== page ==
and

"...you remind me of something that used to be..."


Making a Liar/Something There Is About You


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PostPosted: Fri October 13th, 2017, 17:27 GMT 

Joined: Thu May 7th, 2009, 00:23 GMT
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i kinda found it quite unique, in the dylan song collection...am happy its been unveiled, as i have a large collection,
this song was one i did not have a recording of.


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PostPosted: Fri October 13th, 2017, 18:16 GMT 

Joined: Mon March 16th, 2009, 10:46 GMT
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FieldingMellish wrote:
Anybody noticed the similarity between...

"...You remind me of some old-time used-to-be..."

and

"...you remind me of something that used to be..."


Making a Liar/Something There Is About You


Thnx yea, never occurred to me.


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PostPosted: Fri October 13th, 2017, 21:03 GMT 

Joined: Fri October 13th, 2017, 20:51 GMT
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Given our political situation in the US, so many of these lines struck me as perfect commentary on the current President, and especially on his false promises. The second verse leapt out oat me. Obviously, that was not the original subject of the song, so it is not "about" that, but at the least it goes to show the genius of how Bob's music can apply to whatever is on one's mind. I cannot help but wonder, however, despite Bob's resolute avoidance of politics, if the decision to include it on this collection could be more than serendipitous.


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PostPosted: Fri October 13th, 2017, 23:57 GMT 

Joined: Sun January 4th, 2009, 01:15 GMT
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Guys- Let's be honest- it's so good.

This is what we've all been wanting from our man. A instant classic uncirculated gem. It's like the yard sale Declaration of Independence.

I generally loathe the gospel period- but this knocked me on my ass,and it's been since "up to me" when that last happened. Can't believe I'm saying it, but excited about hearing the rest.


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PostPosted: Sat October 14th, 2017, 04:56 GMT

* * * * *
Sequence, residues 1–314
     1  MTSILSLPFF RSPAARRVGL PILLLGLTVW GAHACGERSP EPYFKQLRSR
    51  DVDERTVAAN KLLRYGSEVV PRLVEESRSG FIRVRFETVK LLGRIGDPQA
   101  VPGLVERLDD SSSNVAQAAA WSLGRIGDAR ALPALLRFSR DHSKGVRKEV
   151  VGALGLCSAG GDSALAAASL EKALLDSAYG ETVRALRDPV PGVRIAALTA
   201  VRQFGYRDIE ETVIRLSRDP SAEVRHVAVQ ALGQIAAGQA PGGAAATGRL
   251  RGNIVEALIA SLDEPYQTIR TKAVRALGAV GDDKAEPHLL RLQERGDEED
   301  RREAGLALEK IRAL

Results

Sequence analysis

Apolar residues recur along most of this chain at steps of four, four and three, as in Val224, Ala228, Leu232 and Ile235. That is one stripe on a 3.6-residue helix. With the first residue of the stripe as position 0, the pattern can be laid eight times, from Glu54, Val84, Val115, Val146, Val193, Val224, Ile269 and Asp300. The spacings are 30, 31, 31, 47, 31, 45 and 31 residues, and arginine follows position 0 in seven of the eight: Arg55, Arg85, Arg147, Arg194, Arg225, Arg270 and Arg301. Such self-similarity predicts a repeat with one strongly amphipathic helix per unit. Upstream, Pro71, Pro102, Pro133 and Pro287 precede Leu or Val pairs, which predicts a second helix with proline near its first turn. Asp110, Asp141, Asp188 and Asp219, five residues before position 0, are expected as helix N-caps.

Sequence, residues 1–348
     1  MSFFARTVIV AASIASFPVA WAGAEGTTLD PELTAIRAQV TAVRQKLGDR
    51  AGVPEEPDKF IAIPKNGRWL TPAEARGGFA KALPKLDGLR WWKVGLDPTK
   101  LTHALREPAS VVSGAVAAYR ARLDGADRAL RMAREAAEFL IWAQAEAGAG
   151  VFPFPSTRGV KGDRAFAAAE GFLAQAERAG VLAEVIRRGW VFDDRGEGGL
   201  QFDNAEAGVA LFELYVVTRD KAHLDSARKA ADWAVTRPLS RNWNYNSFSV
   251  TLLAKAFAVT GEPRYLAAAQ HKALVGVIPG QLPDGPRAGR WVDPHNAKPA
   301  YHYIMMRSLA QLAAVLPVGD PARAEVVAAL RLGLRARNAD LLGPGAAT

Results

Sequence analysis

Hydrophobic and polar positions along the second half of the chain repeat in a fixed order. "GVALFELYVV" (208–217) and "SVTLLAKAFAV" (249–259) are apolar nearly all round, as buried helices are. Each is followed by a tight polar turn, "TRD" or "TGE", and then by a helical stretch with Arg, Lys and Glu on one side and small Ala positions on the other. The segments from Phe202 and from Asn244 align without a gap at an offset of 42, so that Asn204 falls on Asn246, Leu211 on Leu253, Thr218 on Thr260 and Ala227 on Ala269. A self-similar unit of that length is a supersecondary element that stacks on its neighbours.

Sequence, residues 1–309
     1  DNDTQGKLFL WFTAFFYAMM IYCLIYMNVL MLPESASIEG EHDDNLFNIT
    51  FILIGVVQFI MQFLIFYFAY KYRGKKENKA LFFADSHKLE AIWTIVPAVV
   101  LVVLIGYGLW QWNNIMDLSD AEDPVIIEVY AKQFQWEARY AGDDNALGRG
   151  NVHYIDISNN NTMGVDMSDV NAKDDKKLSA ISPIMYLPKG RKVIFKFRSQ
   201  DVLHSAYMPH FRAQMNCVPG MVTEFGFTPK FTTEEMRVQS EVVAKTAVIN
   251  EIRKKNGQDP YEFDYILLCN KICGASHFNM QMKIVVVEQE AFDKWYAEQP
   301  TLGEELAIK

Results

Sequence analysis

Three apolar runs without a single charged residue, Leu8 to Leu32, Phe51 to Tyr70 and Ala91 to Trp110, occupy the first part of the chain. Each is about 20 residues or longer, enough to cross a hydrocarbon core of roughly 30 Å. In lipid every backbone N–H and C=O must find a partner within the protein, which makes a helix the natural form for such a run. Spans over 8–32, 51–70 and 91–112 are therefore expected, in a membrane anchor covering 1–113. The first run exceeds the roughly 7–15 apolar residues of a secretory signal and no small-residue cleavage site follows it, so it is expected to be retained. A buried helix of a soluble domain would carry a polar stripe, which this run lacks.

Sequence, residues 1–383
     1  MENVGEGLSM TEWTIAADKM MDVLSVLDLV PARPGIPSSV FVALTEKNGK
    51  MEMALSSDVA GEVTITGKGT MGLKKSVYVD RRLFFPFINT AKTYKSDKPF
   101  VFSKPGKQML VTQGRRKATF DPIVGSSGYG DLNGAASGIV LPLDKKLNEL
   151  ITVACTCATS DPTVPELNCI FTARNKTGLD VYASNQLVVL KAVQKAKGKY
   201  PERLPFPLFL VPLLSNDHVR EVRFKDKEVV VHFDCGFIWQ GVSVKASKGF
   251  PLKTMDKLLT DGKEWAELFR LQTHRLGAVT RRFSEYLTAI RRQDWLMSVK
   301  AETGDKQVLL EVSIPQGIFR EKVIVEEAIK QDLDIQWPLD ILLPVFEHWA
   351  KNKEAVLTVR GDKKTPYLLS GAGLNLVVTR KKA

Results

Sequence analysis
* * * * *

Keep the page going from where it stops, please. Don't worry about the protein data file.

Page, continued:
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sounds like Van Morrison chords, can't place that tune but sounds in the family of "Lifetimes" from the album "Wavelength"

VAN MORRISON : "LIFETIMES" (1978) https://www.youtube.com/watch?v=AmAswq_FqKQ



Feels like a revisit of the New York version of Idiot Wind exploration of longer presentational sentencing
with a Van Morrison arrangement, but everyone hears different


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PostPosted: Sat October 14th, 2017, 09:53 GMT 

Joined: Fri January 5th, 2007, 23:38 GMT
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Location: Ireland
Magdalena wrote:
Given our political situation in the US, so many of these lines struck me as perfect commentary on the current President, and especially on his false promises. The second verse leapt out oat me. Obviously, that was not the original subject of the song, so it is not "about" that, but at the least it goes to show the genius of how Bob's music can apply to whatever is on one's mind. I cannot help but wonder, however, despite Bob's resolute avoidance of politics, if the decision to include it on this collection could be more than serendipitous.


This song is about Christ, not any mortal man. Dylan wouldn't endorse the previous POTUS when very strongly pressed a few years back, why would he voluntarily lower himself to this kind of thing now? Your type of Dylan left the scene in 1963. He has, apart from specific cases of perceived racial injustice, avoided domestic politics since apart from the general apocalyptic sense implied in such albums as Infidels (Union Sundown is an anti-globalism tirade derived from Revelation, for example) and Slow Train Coming.

There is a political section on ER if you wish to debate a man whom Dylan has expressed admiration for in interview.


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PostPosted: Sat October 14th, 2017, 12:59 GMT 

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Mickvet wrote:
Magdalena wrote:
Given our political situation in the US, so many of these lines struck me as perfect commentary on the current President, and especially on his false promises. The second verse leapt out oat me. Obviously, that was not the original subject of the song, so it is not "about" that, but at the least it goes to show the genius of how Bob's music can apply to whatever is on one's mind. I cannot help but wonder, however, despite Bob's resolute avoidance of politics, if the decision to include it on this collection could be more than serendipitous.